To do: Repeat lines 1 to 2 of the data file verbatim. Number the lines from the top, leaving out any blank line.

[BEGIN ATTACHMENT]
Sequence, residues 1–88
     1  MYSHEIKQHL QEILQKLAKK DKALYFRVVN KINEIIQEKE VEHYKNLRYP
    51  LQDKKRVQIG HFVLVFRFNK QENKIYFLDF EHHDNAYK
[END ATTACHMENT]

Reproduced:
Sequence, residues 1–88
     1  MYSHEIKQHL QEILQKLAKK DKALYFRVVN KINEIIQEKE VEHYKNLRYP